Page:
After Police Commission rules LAPD shooting violated policy, family urges criminal charges

Investigators stand at the scene where Sergio Navas, 35, was fatally shot by an LAPD officer last year in Burbank. (Irfan Khan / Los Angeles Times)

Investigators stand at the scene where Sergio Navas, 35, was fatally shot by an LAPD officer last year in Burbank. (Irfan Khan / Los Angeles Times)

(Irfan Khan / Los Angeles Times)

A day after the Los Angeles Police Commission ruled an officer violated LAPD policy in fatally shooting an unarmed man in Burbank, his family and their attorney called on prosecutors to file manslaughter charges against the cop.

Flanked by Sergio Navas’ parents and the mother of his children, the lawyer said Officer Brian Van Gorden showed “enormous negligence” when he shot and killed Navas at the end of a car chase last year and should be charged accordingly.

“Not every day do you see the Police Commission admit that a police officer has gone astray, that a police officer has acted incorrectly,” attorney Luis Carrillo told reporters. “And for that we are happy. The next step is he should not be a police officer.”


The March 5 shooting of Navas quickly raised concerns within the LAPD, but was publicly overshadowed by another LAPD shooting that drew international attention: the killing of Charly “Africa” Keunang on skid row. Keunang, 43, was shot by officers four days before Navas was killed.

Officers tried to stop Navas after they spotted him speeding in a gold Mercury Sable in Toluca Lake, but the 35-year-old took off toward Burbank, according to a report LAPD Chief Charlie Beck submitted to the Police Commission.

Navas came to an abrupt halt on National Avenue, a dead-end street. The officer who was driving the police SUV told investigators he was driving too fast to stop behind the Sable and had to veer alongside the car to avoid hitting it, the report said.

The officer sitting in the passenger seat said Navas then got out of the car, slammed the door and turned to face him, according to the report. At that point, the officer said, he couldn’t see Navas’ hands and thought he was “trying to trap me in the car” and “ambush me.”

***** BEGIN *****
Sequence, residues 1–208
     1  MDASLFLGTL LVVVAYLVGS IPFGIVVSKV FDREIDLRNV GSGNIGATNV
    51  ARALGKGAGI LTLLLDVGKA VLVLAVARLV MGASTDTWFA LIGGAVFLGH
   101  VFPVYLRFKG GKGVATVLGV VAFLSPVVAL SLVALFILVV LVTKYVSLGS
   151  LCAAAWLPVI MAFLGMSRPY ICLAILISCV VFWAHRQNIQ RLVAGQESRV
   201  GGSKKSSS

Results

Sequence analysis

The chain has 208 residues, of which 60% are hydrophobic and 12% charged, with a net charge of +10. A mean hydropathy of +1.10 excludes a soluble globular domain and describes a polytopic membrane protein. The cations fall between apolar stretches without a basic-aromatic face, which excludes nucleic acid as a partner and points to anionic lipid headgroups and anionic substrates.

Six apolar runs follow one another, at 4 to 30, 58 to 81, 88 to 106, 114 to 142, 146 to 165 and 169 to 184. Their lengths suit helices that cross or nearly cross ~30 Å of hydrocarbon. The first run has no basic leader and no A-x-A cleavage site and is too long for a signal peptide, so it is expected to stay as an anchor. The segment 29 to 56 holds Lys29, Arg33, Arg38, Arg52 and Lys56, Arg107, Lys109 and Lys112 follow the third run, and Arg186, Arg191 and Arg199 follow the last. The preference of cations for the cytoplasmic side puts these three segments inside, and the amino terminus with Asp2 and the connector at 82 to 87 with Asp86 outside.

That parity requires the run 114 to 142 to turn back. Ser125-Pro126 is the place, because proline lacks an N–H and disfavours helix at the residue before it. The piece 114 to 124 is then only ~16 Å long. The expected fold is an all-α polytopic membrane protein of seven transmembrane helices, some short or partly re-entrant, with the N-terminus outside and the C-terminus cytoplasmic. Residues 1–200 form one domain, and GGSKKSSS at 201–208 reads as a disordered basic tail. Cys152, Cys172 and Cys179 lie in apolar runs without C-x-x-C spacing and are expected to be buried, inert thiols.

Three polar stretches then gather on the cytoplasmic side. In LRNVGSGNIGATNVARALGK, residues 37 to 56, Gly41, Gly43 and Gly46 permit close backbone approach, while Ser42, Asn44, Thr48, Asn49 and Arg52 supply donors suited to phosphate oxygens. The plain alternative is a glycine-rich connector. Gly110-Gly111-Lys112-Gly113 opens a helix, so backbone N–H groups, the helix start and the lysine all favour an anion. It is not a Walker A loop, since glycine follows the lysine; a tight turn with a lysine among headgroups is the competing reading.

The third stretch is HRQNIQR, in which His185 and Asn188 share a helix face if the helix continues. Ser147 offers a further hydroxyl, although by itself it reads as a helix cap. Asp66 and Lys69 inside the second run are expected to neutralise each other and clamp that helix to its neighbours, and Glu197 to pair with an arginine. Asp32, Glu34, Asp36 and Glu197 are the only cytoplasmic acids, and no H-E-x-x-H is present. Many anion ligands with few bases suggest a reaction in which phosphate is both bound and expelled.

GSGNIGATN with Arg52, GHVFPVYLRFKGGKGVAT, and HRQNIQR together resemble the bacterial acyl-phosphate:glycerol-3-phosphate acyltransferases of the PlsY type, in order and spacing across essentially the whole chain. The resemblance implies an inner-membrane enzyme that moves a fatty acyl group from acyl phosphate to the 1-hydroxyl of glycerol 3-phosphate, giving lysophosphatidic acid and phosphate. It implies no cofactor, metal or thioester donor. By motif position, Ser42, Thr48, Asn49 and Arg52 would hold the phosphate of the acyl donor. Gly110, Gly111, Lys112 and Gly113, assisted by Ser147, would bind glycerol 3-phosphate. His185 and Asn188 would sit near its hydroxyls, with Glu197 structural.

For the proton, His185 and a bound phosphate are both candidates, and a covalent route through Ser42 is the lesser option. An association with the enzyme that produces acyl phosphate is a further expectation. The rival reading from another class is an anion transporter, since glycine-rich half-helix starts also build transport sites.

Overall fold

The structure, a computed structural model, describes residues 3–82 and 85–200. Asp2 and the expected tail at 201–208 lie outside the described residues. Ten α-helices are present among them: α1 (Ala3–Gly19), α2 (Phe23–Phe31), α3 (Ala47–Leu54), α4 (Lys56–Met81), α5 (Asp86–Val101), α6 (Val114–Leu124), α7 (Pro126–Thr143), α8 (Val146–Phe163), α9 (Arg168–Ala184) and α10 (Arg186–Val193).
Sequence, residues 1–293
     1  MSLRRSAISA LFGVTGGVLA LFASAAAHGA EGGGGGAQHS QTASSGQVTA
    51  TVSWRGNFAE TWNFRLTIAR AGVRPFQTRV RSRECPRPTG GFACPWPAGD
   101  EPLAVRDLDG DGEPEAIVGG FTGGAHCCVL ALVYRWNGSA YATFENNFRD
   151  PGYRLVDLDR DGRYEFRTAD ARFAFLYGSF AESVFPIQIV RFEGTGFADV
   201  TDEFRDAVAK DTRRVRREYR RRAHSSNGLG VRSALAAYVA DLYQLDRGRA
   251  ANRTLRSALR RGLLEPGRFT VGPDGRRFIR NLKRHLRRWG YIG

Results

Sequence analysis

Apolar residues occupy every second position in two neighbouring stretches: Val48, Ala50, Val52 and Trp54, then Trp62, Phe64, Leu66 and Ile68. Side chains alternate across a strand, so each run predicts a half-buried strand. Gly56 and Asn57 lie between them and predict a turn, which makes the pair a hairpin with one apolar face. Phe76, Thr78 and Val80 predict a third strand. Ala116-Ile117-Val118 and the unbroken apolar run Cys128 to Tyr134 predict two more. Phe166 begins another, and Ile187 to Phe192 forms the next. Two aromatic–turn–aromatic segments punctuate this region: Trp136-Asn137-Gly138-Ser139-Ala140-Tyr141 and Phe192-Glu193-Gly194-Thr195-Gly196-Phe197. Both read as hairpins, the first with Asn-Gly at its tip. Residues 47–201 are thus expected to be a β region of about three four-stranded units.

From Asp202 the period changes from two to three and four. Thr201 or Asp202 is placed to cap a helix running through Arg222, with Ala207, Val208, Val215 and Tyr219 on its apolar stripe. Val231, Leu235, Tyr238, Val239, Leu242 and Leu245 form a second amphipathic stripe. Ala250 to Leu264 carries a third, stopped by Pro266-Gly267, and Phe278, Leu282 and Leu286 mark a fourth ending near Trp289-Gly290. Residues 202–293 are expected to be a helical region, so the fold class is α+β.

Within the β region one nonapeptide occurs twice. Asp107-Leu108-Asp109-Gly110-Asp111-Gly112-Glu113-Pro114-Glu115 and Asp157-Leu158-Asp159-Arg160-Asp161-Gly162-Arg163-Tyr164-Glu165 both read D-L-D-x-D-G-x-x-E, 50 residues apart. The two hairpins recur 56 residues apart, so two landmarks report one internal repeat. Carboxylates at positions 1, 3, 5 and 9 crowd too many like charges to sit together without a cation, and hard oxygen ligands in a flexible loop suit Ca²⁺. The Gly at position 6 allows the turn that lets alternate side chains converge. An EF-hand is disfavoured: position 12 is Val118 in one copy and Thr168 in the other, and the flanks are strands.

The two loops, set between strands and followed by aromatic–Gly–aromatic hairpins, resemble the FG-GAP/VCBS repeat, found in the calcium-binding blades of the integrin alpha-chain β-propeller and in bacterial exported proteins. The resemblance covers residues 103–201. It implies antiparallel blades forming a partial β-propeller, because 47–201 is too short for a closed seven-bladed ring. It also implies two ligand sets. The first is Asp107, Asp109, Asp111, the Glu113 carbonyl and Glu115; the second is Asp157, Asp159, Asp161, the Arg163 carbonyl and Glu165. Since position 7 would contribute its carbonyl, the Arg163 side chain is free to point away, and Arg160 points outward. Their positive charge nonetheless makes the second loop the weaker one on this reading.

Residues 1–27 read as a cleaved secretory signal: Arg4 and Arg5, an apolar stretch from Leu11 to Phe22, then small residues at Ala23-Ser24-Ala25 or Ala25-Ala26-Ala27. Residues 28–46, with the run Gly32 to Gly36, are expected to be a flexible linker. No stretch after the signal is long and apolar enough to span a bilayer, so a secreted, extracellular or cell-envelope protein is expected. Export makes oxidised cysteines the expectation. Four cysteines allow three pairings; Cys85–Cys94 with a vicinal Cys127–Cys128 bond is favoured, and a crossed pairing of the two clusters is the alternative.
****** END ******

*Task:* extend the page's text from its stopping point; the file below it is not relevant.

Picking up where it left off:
“I was like, this guy is going to try to shoot me,” the officer told investigators. “I didn’t want to wait around to find out.”

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Navas was shot twice, according to his autopsy, then ran to a nearby alley where he died.

The Police Commission agreed with Beck’s conclusion that an officer with similar training and experience would not have considered Navas a threat. The board faulted both officers for their tactics leading up to the shooting.

On Tuesday, Van Gorden’s attorney said the officer thought he was in danger when Navas got out of the vehicle.

“The officer was face-to-face with the suspect and believed he was going to shoot him,” attorney Gary Fullerton said. “If you wait, there’s a good chance you’re a dead man.”

Christel Emmet, the mother of Navas’ three children, said she wasn’t expecting the commission to declare the shooting out of policy. When Carrillo called her with the news, she said, she was “overjoyed.”

“I just want to see what the next move is,” she said. “I want to see what the D.A. is going to do.”

Carrillo, who is representing Navas’ parents and children in a federal wrongful death lawsuit they filed against the city, also urged LAPD Chief Beck to recommend charges for Van Gorden. Last month, the police chief publicly called for criminal charges against an officer who fatally shot an unarmed homeless man near the Venice boardwalk.


“I would hope that Chief Beck does the same thing he did in connection with the Venice shooting,” Carrillo said.

Beck declined to say Tuesday whether he thinks Van Gorden should be charged, saying the investigation was “much less clear than the Venice shooting.”

“This is something that the district attorney is going to have to look at,” he said.

Lacey’s office will ultimately decide whether to charge either officer. On Tuesday, a spokeswoman for the district attorney’s office said prosecutors received the LAPD investigation into Navas’ death on Friday and were still reviewing the material.

Navas’ mother, Rosa, grew emotional as she talked about the deadly encounter. “It’s not fair,” she said in Spanish, that the officer killed her son.

“All I beg for is justice, because nothing will bring my son back,” she said.

As she spoke, Navas’ father nodded silently at the end of the table. His eyes brimmed with tears.

Times staff writer Veronica Rocha contributed to this report.


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